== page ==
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Geronimo the alpaca will be slaughtered despite his his owner's last-ditch attempt to save him.
Helen Macdonald took his death sentence all the way to the High Court in a bid to challenge the Department for Environment, Food and Rural Affairs' (Defra) decision to destroy him.
Geronimo had twice tested positive for bovine tuberculosis but Helen, who imported him from New Zealand, argued the tests were returning false positives.
As Helen fought for her alpaca's survival, it was investigated whether Defra had not disclosed evidence relating to the testing regime used to test Geronimo and other camelids.
But, in a ruling on Wednesday, Mrs Justice Stacey refused to grant injunctions to spare the alpaca and for further disclosure – signalling the end of the road for Geronimo and his owner.
Ms Macdonald has been told by Defra's lawyers that she has time to say her goodbyes to Geronimo and make her own arrangements for his destruction.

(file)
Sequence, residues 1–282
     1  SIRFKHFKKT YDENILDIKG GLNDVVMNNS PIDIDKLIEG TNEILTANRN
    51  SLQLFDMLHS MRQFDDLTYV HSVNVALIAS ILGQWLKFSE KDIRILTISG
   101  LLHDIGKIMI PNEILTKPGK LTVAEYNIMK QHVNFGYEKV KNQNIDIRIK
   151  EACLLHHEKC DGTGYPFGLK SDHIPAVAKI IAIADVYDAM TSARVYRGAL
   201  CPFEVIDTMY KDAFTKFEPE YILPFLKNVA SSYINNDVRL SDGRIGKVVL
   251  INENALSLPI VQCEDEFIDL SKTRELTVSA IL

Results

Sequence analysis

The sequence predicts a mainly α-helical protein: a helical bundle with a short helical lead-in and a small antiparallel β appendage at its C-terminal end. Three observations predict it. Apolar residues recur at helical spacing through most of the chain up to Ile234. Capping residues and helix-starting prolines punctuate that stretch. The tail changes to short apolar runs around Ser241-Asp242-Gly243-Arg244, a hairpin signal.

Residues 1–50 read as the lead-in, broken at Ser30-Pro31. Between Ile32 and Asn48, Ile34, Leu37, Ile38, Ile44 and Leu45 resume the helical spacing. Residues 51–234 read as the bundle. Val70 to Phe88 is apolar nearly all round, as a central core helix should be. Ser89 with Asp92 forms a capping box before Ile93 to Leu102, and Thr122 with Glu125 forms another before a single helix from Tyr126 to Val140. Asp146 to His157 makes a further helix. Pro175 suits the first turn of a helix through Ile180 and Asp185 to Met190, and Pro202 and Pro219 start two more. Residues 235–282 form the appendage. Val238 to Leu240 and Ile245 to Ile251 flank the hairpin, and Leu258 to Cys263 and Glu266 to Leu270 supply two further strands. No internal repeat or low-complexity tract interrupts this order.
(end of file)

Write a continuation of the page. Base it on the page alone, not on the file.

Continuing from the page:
An outpouring of public support for Geronimo who lives at Shepherds Close Farm in Wooton Under Edge, Gloucestershire, urged Boris Johnson to step in and halt the killing.
On Monday a Defra spokesman said: "There are no plans to execute the warrant today.
"We are sympathetic to Ms Macdonald's situation, just as we are with everyone with animals affected by this terrible disease.
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"It is for this reason that the testing results and options for Geronimo have been very carefully considered by Defra, the Animal and Plant Health Agency and its veterinary experts, as well as passing several stages of thorough legal scrutiny.
"Bovine tuberculosis is one of the greatest animal health threats we face today and causes devastation and distress for farming families and rural communities across the country while costing the taxpayer around £100 million every year.
"Therefore, while nobody wants to cull infected animals, we need to do everything we can tackle this disease to stop it spreading and to protect the livelihoods of those affected."
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